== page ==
Spread betting firms saw their share prices plummet after the European Union’s financial regulator announced a crackdown on binary options and contracts for difference.
The Paris-based European Securities and Markets Authority (ESMA) said on Friday it was considering a ban on the marketing, distribution or sale to retail clients of binary options. The body fears the products are too risky for amateur speculators.
ESMA is also considering imposing leverage restrictions and a guaranteed limit on client losses relating to contracts for difference (CFD) among retail clients.
Plus500’s share price fell by 17% on Monday, with CMC down almost 14% and IG Group falling more than 12%.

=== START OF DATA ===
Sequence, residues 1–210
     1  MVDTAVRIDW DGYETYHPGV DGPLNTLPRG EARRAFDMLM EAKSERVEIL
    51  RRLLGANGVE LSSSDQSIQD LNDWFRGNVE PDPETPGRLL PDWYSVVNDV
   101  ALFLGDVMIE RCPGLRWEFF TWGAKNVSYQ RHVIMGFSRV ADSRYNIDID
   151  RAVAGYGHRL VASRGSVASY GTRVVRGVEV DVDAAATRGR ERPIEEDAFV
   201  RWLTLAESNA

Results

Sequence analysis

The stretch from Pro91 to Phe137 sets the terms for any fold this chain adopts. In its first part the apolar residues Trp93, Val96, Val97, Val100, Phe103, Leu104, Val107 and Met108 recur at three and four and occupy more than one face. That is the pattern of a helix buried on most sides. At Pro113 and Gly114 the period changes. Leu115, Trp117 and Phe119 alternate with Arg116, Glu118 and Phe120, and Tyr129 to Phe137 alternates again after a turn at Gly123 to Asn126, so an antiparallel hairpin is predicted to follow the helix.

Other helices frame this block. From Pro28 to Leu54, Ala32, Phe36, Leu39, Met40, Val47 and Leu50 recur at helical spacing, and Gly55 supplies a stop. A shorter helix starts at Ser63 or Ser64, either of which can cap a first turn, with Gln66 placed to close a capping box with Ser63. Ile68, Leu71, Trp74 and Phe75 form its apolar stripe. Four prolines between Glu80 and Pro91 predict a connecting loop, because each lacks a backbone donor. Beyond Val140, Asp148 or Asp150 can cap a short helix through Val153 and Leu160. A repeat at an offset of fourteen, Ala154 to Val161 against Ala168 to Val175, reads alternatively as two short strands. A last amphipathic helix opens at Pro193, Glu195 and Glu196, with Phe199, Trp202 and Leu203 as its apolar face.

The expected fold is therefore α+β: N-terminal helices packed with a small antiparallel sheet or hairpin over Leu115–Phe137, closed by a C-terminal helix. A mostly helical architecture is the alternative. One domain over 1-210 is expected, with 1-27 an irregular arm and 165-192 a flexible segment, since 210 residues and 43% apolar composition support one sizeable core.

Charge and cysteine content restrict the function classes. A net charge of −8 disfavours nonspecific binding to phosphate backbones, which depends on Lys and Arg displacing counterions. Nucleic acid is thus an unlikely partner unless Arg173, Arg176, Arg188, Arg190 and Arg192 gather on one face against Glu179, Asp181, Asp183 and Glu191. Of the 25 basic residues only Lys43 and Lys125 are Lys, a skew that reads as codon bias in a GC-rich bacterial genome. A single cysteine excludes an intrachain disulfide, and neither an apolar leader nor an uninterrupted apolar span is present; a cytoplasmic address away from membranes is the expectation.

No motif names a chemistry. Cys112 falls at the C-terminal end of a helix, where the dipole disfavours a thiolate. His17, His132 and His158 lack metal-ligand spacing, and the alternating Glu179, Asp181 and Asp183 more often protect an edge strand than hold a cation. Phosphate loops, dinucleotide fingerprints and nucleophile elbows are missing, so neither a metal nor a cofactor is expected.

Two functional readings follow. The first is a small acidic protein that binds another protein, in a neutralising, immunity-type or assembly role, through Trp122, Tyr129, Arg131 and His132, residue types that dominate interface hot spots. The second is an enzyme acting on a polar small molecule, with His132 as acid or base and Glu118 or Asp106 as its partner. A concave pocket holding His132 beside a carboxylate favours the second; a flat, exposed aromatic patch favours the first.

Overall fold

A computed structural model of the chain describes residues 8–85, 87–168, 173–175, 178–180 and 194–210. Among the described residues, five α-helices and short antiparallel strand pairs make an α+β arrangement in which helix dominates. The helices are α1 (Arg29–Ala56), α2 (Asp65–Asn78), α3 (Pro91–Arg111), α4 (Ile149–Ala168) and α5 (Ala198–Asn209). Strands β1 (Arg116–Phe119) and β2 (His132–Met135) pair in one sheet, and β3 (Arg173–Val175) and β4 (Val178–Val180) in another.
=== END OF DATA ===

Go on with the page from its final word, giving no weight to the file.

In a statement the regulator said: “ESMA remains concerned that the risks to investor protection are not sufficiently controlled or reduced.”
The Reuters news agency reported earlier this year that almost 700 people reported losing a total of more than £18m (€20.1m/$23.6m) on binary options scams in the first six months of this year.
The regulation of binary trading will switch from the Gambling Commission to the Financial Conduct Authority (FCA) from January 2018. The FCA has been pushing for stronger regulations over binary options trading and CFD products for some time.
Countries such as Israel and Belgium have banned binary options trading, while the US requires them to be traded on regulated markets.
Plus500, which does not offer binary options, welcomed the “strong regulatory framework that this will bring to the industry”. IG said it “seeks to only accept clients who understand the risks involved with its products and how they operate”.
Related article: FCA pledges to regulate binary options after scams